Charles Dickens

Wait a bit. Where is that desk now? Do you consider it likely to be in America Square, London City?"

Tregarthen shook his head.

"The house has not, for years, transacted business in that place. I have heard of it, and read of it, as removed, enlarged, every way altered. Things alter so fast in these times."

"You think so," returned the captain, with compassion; "but you should come over and see me afore you talk about that. Wa'al, now. This desk, this paper,--this paper, this desk," said the captain, ruminating and walking about, and looking, in his uneasy abstraction, into Mr. Pettifer's hat on a table, among other things. "This desk, this paper,--this paper, this desk," the captain continued, musing and roaming about the room, "I'd give--"

However, he gave nothing, but took up his steward's hat instead, and stood looking into it, as if he had just come into church. After that he roamed again, and again said, "This desk, belonging to this house of Dringworth Brothers, America Square, London City--"

Mr. Pettifer, still strangely moved, and now more moved than before, cut the captain off as he backed across the room, and bespake him thus:-

"Captain Jorgan, I have been wishful to engage your attention, but I couldn't do it. I am unwilling to interrupt Captain Jorgan, but I must do it. I knew something about that house."

The captain stood stock-still and looked at him,--with his (Mr. Pettifer's) hat under his arm.

"You're aware," pursued his steward, "that I was once in the broking business, Captain Jorgan?"

"I was aware," said the captain, "that you had failed in that calling, and in half the businesses going, Tom."

"Not quite so, Captain Jorgan; but I failed in the broking business. I was partners with my brother, sir. There was a sale of old office furniture at Dringworth Brothers' when the house was moved from America Square, and me and my brother made what we call in the trade a Deal there, sir. And I'll make bold to say, sir, that the only thing I ever had from my brother, or from any relation,--for my relations have mostly taken property from me instead of giving me any,--was an old desk we bought at that same sale, with a crack in it. My brother wouldn't have given me even that, when we broke partnership, if it had been worth anything."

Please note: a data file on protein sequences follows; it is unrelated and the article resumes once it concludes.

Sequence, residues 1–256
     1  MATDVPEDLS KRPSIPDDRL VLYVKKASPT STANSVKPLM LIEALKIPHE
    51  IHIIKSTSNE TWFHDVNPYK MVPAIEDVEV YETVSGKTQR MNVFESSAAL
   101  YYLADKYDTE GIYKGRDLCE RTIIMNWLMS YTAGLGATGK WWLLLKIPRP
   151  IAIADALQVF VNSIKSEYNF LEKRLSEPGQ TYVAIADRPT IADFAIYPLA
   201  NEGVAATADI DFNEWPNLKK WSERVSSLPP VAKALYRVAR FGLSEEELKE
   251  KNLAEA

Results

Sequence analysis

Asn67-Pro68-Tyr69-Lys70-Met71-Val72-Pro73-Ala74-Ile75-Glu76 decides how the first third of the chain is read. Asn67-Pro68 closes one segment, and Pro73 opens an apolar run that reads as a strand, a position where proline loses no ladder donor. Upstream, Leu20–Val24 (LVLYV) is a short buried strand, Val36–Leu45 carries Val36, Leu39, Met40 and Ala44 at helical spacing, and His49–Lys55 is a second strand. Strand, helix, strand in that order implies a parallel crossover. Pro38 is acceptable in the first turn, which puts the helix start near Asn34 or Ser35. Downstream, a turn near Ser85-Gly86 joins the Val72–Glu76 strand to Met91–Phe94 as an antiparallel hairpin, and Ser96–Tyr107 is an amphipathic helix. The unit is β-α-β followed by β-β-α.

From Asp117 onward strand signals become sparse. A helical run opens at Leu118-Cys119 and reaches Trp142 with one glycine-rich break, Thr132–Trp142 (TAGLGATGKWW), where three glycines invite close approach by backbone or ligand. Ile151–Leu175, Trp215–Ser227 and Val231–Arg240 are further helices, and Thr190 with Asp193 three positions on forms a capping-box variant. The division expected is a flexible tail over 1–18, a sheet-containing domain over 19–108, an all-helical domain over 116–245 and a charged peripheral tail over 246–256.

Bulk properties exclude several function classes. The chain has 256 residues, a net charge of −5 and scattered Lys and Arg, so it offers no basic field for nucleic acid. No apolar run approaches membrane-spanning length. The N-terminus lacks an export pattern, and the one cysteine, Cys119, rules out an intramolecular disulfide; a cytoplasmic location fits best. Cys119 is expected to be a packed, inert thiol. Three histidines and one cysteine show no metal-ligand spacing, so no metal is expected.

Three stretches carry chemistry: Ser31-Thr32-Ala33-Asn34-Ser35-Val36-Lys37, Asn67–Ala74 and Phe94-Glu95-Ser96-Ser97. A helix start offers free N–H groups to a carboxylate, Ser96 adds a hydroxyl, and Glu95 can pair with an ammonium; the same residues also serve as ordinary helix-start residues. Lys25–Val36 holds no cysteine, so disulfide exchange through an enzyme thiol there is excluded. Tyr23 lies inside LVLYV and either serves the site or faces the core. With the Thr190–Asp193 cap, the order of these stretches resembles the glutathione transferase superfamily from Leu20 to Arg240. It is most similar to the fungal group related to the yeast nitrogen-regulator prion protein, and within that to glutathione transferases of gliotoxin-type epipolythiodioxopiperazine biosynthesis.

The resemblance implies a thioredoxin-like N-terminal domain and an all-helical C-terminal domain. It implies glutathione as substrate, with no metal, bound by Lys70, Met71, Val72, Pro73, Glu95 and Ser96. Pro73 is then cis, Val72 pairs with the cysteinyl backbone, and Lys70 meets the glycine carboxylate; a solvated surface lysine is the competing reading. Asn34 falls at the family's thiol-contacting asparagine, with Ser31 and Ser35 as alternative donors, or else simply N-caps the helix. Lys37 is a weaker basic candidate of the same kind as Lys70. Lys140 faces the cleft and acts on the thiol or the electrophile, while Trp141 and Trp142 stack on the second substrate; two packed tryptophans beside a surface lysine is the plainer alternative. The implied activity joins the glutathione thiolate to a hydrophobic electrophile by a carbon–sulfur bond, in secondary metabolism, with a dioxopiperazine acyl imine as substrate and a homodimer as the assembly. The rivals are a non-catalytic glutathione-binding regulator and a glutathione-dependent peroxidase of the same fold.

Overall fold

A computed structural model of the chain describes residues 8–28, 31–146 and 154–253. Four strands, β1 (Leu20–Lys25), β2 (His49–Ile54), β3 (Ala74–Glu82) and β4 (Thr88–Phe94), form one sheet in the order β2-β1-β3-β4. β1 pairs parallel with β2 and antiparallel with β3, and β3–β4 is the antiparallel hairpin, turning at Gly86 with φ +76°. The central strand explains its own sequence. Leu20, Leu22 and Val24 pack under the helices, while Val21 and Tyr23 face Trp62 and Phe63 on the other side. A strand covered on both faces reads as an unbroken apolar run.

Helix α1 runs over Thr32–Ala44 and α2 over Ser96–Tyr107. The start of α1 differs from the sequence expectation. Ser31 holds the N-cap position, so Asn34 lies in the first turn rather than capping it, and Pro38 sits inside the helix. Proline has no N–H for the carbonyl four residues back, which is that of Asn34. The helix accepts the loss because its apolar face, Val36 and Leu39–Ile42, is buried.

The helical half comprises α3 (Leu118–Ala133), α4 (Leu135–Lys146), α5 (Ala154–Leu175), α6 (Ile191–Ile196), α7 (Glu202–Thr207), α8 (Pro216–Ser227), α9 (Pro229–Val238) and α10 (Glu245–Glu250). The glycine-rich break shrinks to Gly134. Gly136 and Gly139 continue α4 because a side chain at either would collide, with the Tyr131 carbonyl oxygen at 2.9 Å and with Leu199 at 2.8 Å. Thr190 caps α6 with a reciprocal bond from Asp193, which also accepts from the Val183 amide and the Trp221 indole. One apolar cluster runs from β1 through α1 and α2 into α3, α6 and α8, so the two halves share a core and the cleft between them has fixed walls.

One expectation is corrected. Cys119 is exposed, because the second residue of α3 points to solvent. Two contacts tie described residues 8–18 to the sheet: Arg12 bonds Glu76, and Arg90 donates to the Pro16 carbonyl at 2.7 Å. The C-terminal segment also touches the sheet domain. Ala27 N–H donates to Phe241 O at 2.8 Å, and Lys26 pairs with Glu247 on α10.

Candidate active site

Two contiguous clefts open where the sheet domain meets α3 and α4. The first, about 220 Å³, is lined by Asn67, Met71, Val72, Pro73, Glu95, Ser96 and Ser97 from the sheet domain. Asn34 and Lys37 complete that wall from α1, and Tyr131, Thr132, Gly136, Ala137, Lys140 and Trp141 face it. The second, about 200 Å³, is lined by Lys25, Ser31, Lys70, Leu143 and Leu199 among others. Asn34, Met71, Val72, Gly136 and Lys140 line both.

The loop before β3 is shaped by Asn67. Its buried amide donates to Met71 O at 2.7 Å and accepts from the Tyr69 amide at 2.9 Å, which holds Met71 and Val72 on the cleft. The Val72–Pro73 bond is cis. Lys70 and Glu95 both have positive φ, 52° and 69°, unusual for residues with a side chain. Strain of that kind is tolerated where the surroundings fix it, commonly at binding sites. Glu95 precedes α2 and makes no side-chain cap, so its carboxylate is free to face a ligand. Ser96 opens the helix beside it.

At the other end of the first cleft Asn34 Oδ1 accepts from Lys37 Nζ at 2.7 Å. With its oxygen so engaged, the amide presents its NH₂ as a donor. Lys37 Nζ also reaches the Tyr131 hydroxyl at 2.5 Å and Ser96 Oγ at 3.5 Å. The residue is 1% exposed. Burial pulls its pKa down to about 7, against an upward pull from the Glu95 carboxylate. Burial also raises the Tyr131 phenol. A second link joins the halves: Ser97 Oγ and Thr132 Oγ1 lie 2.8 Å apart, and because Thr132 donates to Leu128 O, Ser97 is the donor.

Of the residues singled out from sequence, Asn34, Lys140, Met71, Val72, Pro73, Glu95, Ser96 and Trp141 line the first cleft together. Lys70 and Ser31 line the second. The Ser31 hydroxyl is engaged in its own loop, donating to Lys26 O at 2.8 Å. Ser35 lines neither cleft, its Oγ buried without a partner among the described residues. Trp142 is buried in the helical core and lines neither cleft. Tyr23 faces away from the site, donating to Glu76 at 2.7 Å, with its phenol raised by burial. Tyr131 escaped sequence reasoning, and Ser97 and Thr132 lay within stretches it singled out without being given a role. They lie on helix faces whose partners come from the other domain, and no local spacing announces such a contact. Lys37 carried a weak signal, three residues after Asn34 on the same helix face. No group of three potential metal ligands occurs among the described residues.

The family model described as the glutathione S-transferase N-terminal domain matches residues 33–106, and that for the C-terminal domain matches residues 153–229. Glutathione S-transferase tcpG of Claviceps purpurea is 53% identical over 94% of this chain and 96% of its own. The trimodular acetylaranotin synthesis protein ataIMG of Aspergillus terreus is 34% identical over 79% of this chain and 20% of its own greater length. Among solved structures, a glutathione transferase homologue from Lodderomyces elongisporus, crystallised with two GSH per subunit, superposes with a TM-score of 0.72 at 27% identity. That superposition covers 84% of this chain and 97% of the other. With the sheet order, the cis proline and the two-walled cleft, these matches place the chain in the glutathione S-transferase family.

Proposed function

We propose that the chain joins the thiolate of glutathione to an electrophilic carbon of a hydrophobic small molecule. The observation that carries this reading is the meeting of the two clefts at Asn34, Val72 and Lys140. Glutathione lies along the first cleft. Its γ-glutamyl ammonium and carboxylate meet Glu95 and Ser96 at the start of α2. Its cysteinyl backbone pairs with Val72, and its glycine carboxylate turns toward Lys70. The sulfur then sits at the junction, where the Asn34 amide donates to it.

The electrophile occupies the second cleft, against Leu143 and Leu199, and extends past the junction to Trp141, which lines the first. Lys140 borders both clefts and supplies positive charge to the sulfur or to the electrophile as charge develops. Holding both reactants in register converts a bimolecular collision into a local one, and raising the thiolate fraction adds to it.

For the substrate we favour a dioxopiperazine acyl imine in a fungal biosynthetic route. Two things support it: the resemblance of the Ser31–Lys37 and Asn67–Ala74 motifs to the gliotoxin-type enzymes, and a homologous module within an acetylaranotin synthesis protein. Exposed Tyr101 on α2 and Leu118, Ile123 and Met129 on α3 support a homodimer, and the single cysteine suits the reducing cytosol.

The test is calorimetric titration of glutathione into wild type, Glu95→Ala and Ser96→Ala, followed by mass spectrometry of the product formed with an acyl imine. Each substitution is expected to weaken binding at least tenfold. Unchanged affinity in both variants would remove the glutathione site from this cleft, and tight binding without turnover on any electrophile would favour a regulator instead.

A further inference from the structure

"Where is that desk now?" said the captain.

"Well, Captain Jorgan," replied the steward, "I couldn't say for certain where it is now; but when I saw it last,--which was last time we were outward bound,--it was at a very nice lady's at Wapping, along with a little chest of mine which was detained for a small matter of a bill owing."

The captain, instead of paying that rapt attention to his steward which was rendered by the other three persons present, went to Church again, in respect of the steward's hat. And a most especially agitated and memorable face the captain produced from it, after a short pause.

"Now, Tom," said the captain, "I spoke to you, when we first came here, respecting your constitutional weakness on the subject of sunstroke."

"You did, sir."

"Will my slow friend," said the captain, "lend me his arm, or I shall sink right back'ards into this blessed steward's cookery? Now, Tom," pursued the captain, when the required assistance was given, "on your oath as a steward, didn't you take that desk to pieces to make a better one of it, and put it together fresh,--or something of the kind?"

"On my oath I did, sir," replied the steward.

"And by the blessing of Heaven, my friends, one and all," cried the captain, radiant with joy,--"of the Heaven that put it into this Tom Pettifer's head to take so much care of his head against the bright sun,--he lined his hat with the original leaf in Tregarthen's writing,--and here it is!"

With that the captain, to the utter destruction of Mr. Pettifer's favourite hat, produced the book-leaf, very much worn, but still legible, and gave both his legs such tremendous slaps that they were heard far off in the bay, and never accounted for.